My comment is the 31st of over 500 responses.

That obscure comment struck a chord. It started a chain reaction. Scientists and non-scientists alike started reading it. They passed it off to others. It has now been seen by 1,000 viewers and counting.

So far it has shown up on or been republished in full on 10 climate science web sites, probably more.

It got referenced in the online version of the Herald Sun newspaper in Melbourne, Australia. I’d never heard of it before today, but it has a print circulation of 2.5 million.

I also used to be a columnist for the 2nd largest circulation newspaper in Oregon. That newspaper had a circulation of maybe 70,000 or so. The Herald Sun is big!

But Wait, There’s More!

As a result of all the article attention, I’ve engaged in online discussions with very knowledgeable people and learned a lot from them.

For example, at the time of writing I was unaware of any other solar influence on climate change other than minor variations in the energy output of the sun. Those variations, however, are insufficient to explain observed climate changes over time.

Then I learned about Dr. Henrik Svensmark. He is a professor at the Center for Sun-Climate Research at the Danish National Space Institute near Copenhagen.

Svensmark has advanced a clever solar magnetic theory of climate change. Not only is it scientifically viable, but proof of concept has been verified experimentally at CERN. That’s incredible.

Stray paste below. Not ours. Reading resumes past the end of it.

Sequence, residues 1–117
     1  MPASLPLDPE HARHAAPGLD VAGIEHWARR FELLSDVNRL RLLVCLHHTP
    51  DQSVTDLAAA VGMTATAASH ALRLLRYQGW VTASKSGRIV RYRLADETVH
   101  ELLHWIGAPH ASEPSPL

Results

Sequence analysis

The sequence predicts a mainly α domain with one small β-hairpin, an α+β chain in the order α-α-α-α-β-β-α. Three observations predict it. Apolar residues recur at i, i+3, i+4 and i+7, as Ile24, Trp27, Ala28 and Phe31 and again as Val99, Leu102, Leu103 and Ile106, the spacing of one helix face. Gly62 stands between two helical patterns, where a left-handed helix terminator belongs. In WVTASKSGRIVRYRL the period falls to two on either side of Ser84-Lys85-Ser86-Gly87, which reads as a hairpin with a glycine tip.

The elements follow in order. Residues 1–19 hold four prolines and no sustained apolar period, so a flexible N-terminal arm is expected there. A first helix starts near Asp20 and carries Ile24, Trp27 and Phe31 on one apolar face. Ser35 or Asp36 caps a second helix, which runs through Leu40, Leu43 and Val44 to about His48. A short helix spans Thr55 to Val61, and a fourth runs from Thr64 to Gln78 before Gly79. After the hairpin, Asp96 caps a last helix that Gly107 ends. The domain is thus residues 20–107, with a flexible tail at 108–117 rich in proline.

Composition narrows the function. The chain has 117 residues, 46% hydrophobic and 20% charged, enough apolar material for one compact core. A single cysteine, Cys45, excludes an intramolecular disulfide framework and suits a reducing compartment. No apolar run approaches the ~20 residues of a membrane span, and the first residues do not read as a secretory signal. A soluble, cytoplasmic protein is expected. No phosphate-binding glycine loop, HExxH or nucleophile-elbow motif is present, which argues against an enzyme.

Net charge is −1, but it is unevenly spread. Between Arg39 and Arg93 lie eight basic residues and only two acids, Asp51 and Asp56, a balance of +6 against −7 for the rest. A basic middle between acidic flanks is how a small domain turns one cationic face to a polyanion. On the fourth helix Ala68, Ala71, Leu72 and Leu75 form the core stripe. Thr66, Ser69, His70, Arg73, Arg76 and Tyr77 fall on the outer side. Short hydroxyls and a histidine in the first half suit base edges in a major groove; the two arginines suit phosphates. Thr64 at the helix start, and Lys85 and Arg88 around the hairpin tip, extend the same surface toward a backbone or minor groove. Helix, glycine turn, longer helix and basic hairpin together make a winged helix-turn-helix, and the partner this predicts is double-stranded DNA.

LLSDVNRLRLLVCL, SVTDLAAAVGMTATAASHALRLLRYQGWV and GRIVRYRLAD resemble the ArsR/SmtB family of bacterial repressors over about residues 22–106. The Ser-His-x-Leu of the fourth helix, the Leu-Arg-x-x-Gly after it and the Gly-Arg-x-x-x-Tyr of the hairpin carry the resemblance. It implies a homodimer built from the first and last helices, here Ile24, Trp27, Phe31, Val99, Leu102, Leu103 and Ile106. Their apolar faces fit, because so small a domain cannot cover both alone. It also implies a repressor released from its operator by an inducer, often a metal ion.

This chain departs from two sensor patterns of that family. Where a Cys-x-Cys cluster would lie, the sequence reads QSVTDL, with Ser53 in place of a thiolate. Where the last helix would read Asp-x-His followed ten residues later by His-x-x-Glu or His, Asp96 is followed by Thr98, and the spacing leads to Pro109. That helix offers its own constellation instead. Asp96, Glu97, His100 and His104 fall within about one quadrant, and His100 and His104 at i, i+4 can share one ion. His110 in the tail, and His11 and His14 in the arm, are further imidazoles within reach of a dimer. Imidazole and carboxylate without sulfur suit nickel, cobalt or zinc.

In a mini-me way, what I’ve experienced in the last couple days is exactly what the visionary Berners-Lee imagined when he invented the World Wide Web.

Conclusions

At risk is the peer review process used by science. It is to slow and cumbersome. By the time a paper gets formally peer reviewed and published it is outdated.

The rate of discovery and scientific advancement is far greater than an unwieldy peer review process can react to.

The IPCC has become painfully aware of that deficiency as it prepares it’s much-anticipated 5th assessment of climate change. The report is already done but is now undergoing discussion and peer review. It is not expected to reach consensus and be published until late next year.

In the meantime, human-caused global warming skeptics are circling the IPCC like hungry polar bears. They are busy challenging the IPCC’s data, climate models, methodologies, core science and conclusions.